Professor Marvelene Moore was destined to become a successful music educator.
You might say the charting of Marvelene Moore’s life’s work began before she was born.
Frank Moore was pastor of Macedonia Presbyterian Church in Decatur, Alabama, and his wife, Sadie, was the church pianist and choral director, as well as an elementary school teacher. Sadie was a talented vocalist and musician with an unfulfilled aspiration to become a music teacher.
Frank and Sadie were expecting their first and only child. From the day she learned of her pregnancy, Sadie went to the church every day except Saturday to share her love of music by playing and singing her favorite songs to the child she was carrying—Marvelene.
Today, Moore, a professor of music education in the School of Music, fondly recalls memories of her late mother.
“Mother was a music educator ahead of her time,” Moore says.
Moore explains that recent research conducted by Alexandra Lamont, a British psychologist associated with the “Child of Our Time Project” at Leicester University, found that babies can remember sounds they were exposed to as a fetus more than a year after birth. The babies in Lamont’sresearch sample showed a preference for the music they had been exposed to as a fetus, as measured by the time the babies spent looking toward the source of the music when it was played or sung.
Moore recalls being drawn to certain music as a child and not knowing why. Her mother recounted that Marvelene would actually interrupt her playtime to attend to music that Sadie had played for her before she was born.
A musician performs with steel drums at the ninth biennial National Symposium on Multicultural Music, founded and chaired by Marvelene Moore. The 2012 symposium brought multicultural music and performers to UT’s campus as a Ready for the World event.
With constant exposure to music at home and at church, Moore evidenced natural musical talent early and began to sing solos in kindergarten, high school chorus, and church. Music lessons developed her skills with musical instruments and she eventually played violin in orchestra and mastered clarinet and bass clarinet in the band.
Upon graduation as valedictorian of Lakeside High School, Moore took her bounty of scholarship awards and headed to Talledega College, where she completed a BA degree in vocal performance. After graduation, Marvelene returned home to Decatur, where she accepted a music teacher position with her hometown school system and, quite ironically, was assigned as music education teacher at the elementary school where her mother was teaching. Students from the elementary classes were scheduled for music instruction with Moore, and it was there that she fell in love with teaching and decided to pursue graduate studies in music education.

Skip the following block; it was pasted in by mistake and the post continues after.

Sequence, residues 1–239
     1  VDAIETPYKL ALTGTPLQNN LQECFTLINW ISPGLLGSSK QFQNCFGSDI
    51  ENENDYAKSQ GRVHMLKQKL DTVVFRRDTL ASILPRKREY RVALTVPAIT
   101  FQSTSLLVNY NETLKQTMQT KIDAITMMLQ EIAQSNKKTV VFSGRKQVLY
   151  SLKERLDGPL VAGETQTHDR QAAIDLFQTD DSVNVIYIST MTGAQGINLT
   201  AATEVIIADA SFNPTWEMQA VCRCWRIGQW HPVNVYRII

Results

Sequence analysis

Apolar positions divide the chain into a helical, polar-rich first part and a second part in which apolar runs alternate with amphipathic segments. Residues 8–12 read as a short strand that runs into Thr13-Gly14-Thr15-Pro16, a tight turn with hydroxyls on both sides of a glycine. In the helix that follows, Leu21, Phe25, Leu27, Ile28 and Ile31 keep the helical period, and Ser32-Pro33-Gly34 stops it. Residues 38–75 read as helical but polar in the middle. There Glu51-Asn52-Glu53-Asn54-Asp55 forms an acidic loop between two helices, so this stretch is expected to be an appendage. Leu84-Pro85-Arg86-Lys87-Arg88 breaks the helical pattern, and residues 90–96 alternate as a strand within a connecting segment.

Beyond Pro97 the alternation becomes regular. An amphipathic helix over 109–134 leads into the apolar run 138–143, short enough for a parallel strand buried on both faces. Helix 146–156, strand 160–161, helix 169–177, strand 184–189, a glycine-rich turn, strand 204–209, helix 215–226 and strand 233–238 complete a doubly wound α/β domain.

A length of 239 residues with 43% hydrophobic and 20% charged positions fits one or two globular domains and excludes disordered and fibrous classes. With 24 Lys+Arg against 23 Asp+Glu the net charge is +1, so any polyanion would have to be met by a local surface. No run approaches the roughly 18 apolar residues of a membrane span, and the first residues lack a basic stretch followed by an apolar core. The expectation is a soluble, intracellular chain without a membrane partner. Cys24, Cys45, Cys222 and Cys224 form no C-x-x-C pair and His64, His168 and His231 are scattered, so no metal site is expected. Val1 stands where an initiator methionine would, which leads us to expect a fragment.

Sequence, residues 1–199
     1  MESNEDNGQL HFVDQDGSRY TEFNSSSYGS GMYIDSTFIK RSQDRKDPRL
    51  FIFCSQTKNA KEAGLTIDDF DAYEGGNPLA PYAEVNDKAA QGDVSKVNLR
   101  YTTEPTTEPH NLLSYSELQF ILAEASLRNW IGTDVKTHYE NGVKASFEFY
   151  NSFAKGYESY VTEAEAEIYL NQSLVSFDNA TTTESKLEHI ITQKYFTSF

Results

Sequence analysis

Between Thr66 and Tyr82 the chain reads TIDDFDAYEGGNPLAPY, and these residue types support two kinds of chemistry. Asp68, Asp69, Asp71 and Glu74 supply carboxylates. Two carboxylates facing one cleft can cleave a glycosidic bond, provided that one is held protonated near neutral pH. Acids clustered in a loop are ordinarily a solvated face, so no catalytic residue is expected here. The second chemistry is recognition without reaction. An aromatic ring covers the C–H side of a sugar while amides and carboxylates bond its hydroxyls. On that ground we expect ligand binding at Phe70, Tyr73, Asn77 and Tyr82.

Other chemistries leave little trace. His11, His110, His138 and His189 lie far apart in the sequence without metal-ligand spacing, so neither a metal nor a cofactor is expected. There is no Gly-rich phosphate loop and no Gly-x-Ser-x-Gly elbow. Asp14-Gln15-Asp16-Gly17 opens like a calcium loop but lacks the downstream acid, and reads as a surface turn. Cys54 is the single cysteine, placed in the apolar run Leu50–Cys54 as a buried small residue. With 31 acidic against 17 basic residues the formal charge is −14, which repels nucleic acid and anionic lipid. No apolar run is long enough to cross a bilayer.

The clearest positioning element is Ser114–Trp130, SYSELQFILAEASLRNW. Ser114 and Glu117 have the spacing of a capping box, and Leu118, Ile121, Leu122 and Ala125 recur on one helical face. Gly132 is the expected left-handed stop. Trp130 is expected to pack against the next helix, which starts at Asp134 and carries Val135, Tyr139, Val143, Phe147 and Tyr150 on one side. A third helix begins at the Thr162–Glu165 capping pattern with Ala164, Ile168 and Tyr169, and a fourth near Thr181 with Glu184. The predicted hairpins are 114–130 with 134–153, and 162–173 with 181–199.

At Vanderbilt University, Moore earned MME and EdS degrees in music education—not performance. From there she went to the University of Michigan to earn her PhD under the direction of renowned music educator James Standifer, who was on the forefront of multicultural music education.
As Standifer’s graduate assistant, Moore had an opportunity to assist him with workshops, which fueled her interest in working with music teachers and multicultural music education.
She completed postgraduate studies at the Jaques-Dalcroze Institute of Geneva, Switzerland; the Conservatory of Music at Ithaca College; the Orff Institute of the University Mozarteum in Salzburg, Austria; and the Kodaly Institute in Erstegom, Hungary.
When Moore came to UT in 1978, one of the first things she did was reach out to local music teachers in Knox County to offer her first workshop.
A student bluegrass band performs at the 2012 National Symposium on Multicultural Music, chaired by Marvelene Moore.
Since then Moore has served as clinician and guest conductor for music organizations in forty-four (soon to be forty-five) states. She has presented sessions at the International Society for Music Education (ISME) conferences in South Korea, South Africa, Norway, Malaysia, the Canary Islands, Italy, China, and the Royal Melbourne Institute of Technology in Melbourne, Australia, to name a few.
Moore specializes in classroom music for grades K–8 and choral music for grades 3–8. She uses Jaques-Dalcroze Eurhythmics, a Swiss method of teaching music that emphasizes creative movement. Moore has received international acclaim for her teaching methods, produced an impressive list of publications, and garnered a number of awards and honors. (Read more about Moore’s remarkable career achievements.)
What drives this passionate music educator? “My primary purpose in life is to help others become educated, especially in music, and to acquire an appreciation and respect for the value of every human life,” she says. “It is possible that music of all the arts is most conducive to understanding culture.”
Published with permission from the Higher Ground
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